Minding the Gap: Time in Neil Gaiman's Neverwhere and the Hermeneutical Inquiry
Peoples, Timothy Andrew John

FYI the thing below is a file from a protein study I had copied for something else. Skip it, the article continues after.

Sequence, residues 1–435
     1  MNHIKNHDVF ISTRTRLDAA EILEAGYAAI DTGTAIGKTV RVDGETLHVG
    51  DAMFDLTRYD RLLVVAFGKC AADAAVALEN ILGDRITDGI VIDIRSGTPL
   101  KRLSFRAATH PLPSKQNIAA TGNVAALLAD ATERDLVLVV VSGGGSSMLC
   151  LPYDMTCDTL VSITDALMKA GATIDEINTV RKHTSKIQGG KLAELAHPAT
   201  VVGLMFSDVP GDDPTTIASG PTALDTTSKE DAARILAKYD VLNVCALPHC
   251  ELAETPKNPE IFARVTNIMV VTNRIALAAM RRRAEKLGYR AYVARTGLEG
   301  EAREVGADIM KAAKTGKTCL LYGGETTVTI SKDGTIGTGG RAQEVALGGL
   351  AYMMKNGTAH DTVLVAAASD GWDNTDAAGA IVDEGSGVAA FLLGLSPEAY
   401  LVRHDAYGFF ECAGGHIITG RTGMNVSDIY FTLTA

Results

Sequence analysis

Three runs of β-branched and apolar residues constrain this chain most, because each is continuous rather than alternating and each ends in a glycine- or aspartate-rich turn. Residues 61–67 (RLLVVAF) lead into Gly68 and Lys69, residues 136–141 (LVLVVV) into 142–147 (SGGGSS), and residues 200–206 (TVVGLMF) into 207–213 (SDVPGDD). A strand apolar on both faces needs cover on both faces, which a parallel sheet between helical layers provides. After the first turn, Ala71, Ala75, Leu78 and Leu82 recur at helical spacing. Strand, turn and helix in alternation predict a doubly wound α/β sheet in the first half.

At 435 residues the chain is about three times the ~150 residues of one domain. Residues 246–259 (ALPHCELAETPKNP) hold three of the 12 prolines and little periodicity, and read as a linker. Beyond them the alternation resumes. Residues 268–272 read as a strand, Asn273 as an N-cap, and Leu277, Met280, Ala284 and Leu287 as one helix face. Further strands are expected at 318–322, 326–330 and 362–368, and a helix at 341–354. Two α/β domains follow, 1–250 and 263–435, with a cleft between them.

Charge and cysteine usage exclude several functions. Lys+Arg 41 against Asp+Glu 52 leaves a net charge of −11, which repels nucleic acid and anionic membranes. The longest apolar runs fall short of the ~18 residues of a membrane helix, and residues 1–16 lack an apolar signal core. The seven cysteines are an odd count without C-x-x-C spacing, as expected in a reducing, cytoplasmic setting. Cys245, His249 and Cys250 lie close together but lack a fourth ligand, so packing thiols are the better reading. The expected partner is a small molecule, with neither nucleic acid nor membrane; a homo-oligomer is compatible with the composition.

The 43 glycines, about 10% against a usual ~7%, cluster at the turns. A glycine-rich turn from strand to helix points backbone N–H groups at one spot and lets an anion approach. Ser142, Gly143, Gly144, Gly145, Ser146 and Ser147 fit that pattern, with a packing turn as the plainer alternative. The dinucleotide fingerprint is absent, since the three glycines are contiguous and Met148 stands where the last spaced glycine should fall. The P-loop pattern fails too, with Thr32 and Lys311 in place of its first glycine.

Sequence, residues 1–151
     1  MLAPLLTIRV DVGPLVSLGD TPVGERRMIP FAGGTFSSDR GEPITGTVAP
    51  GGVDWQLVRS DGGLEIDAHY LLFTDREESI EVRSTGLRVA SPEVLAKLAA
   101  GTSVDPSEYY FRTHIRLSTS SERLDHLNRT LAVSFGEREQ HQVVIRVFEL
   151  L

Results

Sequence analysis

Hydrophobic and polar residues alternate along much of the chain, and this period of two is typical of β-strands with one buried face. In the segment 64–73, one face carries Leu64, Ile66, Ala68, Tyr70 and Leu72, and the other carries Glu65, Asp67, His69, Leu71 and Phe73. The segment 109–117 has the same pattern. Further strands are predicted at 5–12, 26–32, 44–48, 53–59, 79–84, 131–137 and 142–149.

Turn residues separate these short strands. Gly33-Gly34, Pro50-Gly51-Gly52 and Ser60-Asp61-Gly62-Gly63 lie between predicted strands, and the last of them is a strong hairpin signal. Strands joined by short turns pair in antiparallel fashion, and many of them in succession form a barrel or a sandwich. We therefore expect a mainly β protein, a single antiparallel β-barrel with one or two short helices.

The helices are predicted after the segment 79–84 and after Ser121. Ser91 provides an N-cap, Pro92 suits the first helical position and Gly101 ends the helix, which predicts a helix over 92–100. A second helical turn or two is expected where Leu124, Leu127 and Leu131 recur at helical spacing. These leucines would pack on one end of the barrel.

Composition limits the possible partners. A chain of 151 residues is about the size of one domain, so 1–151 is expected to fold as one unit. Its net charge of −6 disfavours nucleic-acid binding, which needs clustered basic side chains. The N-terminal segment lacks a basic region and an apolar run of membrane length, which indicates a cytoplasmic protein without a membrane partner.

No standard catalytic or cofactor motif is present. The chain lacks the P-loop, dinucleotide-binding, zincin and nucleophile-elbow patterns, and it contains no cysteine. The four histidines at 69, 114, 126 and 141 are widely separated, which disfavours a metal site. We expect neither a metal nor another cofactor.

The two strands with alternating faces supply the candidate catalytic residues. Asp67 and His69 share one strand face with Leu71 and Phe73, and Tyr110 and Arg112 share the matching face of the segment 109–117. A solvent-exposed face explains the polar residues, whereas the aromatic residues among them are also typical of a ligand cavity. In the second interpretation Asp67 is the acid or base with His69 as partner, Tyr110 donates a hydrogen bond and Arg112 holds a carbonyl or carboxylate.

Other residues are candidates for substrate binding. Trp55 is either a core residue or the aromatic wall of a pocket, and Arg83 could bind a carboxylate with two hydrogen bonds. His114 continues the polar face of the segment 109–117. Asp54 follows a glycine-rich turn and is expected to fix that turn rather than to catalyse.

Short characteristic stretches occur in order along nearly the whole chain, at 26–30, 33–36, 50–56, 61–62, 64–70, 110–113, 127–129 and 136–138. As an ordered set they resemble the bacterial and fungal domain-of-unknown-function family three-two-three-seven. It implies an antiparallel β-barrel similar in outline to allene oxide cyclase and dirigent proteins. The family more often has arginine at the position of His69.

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I begin this thesis with a discussion of Neil Gaiman’s career and my interaction with his first novel, Neverwhere. I define time in the novel as the succession and interrelatedness of events and divide this definition into two perceptions: immediacy and graduality. I apply the former to the novel’s separate worlds, which are called London Above and London Below. London Above, in the perception of Richard Mayhew, the main character, favors immediacy and rejects graduality. Though his perception is incomplete, the nature of London Above makes him unsuitable for life there. London Below, on the other hand, exhibits both perceptions. Graduality’s influence on the two worlds shows a departure from Western conceptions of time that makes London Above and London Below a symbiotic that cannot be unified. This symbiosis can be allegorized as the hermeneutical gap. After examining similar concepts in Gaiman’s Stardust and American Gods, I conclude that Gaiman’s writing states that the permanently separated hermeneutical gap allows humanity to reflect upon itself.